Carnegie Mellon University

Data Storage Systems Center

College of Engineering

view from Hamerschlag Hall

May 19, 2016

Faculty and student win best paper, will present at ICC

Professors Jim Bain and Vijayakumar Bhagavatula, along with ECE Ph.D. students Yongjune Kim and Abhishek Sharma, in collaboration with Western Digital Research, have received a Best Paper Award of the 2016 IEEE International Communications Conference (ICC). 

Their paper, “Locally Rewritable Codes for Resistive Memories,” proposes a new class of codes to improve lifetime and power efficiency of resistive memories. Resistive memories are non-volatile memories that store data by changing the resistance of each memory cell. They include phase change memories (PCM) and resistive random access memories (RRAM). In spite of their advantages of scalability, fast speed, and rewritability, they have the important problems of limited lifetime and high write power consumption. These problems should be addressed in order to open up many potential applications. The proposed locally rewritable codes are designed to improve lifetime and power efficiency of resistive memories.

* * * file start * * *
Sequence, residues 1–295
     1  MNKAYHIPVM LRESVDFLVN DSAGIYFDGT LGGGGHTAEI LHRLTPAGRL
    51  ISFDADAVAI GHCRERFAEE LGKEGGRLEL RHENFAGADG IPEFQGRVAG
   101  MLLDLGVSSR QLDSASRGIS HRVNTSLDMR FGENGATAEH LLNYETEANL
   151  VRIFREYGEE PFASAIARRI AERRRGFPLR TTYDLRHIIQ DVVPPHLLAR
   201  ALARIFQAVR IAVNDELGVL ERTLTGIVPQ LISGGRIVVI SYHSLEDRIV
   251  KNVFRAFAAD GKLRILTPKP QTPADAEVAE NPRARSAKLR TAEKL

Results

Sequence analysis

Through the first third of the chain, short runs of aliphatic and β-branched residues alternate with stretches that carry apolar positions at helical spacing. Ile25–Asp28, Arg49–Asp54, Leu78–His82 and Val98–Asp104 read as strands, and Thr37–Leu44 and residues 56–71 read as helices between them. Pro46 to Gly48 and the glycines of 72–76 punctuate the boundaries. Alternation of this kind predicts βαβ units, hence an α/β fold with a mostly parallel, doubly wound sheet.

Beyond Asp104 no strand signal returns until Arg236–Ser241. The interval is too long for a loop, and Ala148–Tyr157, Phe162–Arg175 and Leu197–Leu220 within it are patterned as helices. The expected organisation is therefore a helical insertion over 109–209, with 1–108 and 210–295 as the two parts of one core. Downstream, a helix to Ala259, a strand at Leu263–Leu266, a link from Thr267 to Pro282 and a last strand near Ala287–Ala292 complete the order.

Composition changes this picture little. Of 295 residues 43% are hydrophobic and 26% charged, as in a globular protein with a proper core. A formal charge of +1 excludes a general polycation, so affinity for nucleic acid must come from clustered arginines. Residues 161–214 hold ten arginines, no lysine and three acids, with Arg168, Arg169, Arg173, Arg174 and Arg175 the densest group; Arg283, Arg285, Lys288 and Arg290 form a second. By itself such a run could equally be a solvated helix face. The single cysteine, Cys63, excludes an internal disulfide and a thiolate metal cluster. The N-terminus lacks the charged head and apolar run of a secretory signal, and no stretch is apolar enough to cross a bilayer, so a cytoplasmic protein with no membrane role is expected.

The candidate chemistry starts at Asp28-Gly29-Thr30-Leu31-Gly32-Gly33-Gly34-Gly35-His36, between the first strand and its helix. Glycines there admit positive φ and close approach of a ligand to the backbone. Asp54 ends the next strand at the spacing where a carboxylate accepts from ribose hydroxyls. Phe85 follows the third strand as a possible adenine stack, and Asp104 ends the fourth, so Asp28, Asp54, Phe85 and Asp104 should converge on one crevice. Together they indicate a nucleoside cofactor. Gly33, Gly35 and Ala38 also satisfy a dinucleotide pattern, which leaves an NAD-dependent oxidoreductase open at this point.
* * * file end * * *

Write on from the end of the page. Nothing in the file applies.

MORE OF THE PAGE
The IEEE ICC is one of the two flagship conferences of the IEEE Communications Society, together with IEEE GLOBECOM. The ICC is one of the largest gatherings of researchers and industry professionals in the field of communications. This year, around 2500 papers were submitted and only 15 papers were selected as Best Paper Awards. 

The researchers will present their paper at the 2016 ICC in Kuala Lumpur. This research was supported by Data Storage Systems Center (DSSC) at Carnegie Mellon University. 


We propose locally rewritable codes (LWC) for resistive memories inspired by locally repairable codes (LRC) for distributed storage systems. Small values of repair locality of LRC enable fast repair of a single failed node since the lost data in the failed node can be recovered by accessing only a small fraction of other nodes. By using rewriting locality, LWC can improve endurance limit and power consumption which are major challenges for resistive memories. We point out the duality between LRC and LWC, which indicates that existing construction methods of LRC can be applied to construct LWC.